The MHI 7MW turbine has been assembled on to a three-column semi-submersible floating platform at the Onahama port.
The turbine will be delivered to the project site 20 kilometres off Japan's east coast on 30 June. Electric work and commissioning are planned for mid-September, and demonstration operations set for December.
A consortium led by Marubeni, in partnership with the University of Tokyo, MHI, and other engineering firms, is developing the project.
Takeshi Ishihara, a professor in the department of civil engineering at the University of Tokyo and technical adviser to the project said: "With the completion of the world's largest 7MW floating wind turbine, I am convinced that floating wind power will spread throughout the world."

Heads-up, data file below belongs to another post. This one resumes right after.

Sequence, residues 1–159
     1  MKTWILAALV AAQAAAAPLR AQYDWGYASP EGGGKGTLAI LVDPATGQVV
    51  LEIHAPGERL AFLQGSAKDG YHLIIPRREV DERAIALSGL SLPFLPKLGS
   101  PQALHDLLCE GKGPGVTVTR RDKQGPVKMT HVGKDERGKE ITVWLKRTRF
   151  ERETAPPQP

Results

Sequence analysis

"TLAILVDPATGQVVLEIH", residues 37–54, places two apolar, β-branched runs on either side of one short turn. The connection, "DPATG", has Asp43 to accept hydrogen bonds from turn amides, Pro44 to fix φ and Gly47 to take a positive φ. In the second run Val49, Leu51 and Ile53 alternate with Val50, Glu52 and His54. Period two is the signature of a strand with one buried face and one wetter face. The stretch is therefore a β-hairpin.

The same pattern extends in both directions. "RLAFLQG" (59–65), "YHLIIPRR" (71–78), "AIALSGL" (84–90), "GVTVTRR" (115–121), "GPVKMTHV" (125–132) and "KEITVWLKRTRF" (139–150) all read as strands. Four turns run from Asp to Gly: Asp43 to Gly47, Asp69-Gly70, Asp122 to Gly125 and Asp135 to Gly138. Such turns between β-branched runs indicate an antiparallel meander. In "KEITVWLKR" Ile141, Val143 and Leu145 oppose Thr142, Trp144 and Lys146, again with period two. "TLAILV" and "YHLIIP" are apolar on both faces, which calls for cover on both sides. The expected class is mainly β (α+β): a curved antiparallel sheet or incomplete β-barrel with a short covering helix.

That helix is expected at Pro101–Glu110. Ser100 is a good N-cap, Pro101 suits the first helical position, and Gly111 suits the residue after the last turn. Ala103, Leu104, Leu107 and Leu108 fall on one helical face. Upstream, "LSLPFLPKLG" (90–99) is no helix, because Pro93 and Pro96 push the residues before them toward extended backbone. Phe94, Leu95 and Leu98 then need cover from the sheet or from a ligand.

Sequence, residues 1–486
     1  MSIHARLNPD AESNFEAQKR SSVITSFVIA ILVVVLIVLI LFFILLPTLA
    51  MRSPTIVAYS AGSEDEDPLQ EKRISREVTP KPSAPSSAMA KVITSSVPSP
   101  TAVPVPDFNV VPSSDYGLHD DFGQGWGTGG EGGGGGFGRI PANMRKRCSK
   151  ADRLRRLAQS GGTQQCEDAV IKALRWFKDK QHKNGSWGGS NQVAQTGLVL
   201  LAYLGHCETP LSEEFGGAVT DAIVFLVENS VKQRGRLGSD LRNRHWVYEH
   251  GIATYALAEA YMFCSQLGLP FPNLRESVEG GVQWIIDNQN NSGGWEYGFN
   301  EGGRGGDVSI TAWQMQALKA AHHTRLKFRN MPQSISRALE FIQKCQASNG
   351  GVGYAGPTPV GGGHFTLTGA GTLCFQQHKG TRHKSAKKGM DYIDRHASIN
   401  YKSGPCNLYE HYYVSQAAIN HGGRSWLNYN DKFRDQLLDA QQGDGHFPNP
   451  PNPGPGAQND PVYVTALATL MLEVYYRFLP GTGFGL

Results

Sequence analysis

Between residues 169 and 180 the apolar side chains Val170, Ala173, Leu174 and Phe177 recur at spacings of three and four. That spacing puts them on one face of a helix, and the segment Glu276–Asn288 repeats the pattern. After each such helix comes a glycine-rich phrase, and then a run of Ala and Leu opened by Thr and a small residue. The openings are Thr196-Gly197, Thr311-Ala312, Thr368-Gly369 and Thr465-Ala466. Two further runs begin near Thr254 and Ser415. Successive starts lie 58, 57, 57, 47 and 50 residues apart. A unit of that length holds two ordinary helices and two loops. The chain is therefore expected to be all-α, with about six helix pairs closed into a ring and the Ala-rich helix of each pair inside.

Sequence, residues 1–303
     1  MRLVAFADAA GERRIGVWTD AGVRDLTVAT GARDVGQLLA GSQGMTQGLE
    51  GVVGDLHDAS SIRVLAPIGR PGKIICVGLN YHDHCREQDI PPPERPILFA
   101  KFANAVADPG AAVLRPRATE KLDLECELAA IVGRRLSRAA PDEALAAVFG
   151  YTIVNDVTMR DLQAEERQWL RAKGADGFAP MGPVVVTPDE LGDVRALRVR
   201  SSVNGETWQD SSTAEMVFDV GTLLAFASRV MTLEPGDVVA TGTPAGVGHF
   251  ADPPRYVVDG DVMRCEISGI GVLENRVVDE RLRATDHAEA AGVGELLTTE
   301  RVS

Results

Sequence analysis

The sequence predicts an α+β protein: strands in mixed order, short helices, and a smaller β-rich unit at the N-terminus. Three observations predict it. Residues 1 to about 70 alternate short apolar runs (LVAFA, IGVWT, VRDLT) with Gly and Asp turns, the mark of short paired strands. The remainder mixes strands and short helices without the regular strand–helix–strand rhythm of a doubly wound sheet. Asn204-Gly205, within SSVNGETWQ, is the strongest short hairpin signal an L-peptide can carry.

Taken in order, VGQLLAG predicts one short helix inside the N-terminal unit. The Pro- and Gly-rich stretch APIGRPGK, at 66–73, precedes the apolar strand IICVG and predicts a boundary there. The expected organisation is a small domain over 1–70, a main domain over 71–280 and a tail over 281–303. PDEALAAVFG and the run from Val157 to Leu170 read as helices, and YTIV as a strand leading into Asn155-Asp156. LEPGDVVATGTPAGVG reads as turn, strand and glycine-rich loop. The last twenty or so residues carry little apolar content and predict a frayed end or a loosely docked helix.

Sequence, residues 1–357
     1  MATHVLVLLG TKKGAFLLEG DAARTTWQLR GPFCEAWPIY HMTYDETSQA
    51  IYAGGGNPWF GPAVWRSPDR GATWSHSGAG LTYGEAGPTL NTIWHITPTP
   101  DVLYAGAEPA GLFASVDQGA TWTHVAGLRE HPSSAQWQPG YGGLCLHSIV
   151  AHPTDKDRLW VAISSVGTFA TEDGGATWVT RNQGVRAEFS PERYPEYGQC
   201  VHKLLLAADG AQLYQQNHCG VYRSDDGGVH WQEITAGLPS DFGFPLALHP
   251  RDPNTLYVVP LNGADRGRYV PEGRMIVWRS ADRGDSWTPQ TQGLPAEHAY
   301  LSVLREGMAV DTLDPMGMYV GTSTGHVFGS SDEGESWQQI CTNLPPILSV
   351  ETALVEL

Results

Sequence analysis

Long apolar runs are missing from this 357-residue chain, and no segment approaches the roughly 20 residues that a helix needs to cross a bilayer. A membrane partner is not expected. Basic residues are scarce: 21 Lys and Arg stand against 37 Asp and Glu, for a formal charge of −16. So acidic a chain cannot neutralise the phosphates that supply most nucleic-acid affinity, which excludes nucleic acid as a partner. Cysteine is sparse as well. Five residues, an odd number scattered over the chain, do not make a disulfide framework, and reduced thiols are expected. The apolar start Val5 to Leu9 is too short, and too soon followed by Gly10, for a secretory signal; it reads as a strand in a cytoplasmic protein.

"The need to face the challenges of severe natural conditions, such as typhoons, high waves, and the sea currents, has led the Fukushima project to develop a variety of new technologies, and, as such, can be said to be a new milestone in floating wind power," he added.
The MWT167H/7.0 turbine used to be called the Mitsubishi SeaAngel. MHI dropped the "SeaAngel" name from the turbine in February, so it did not "confuse the market". It will also avoid competition with MHI-Vestas' V164-8MW turbine, a spokesperson said.
A prototype of the turbine has been installed at an onshore test site at Hunterston, Scotland.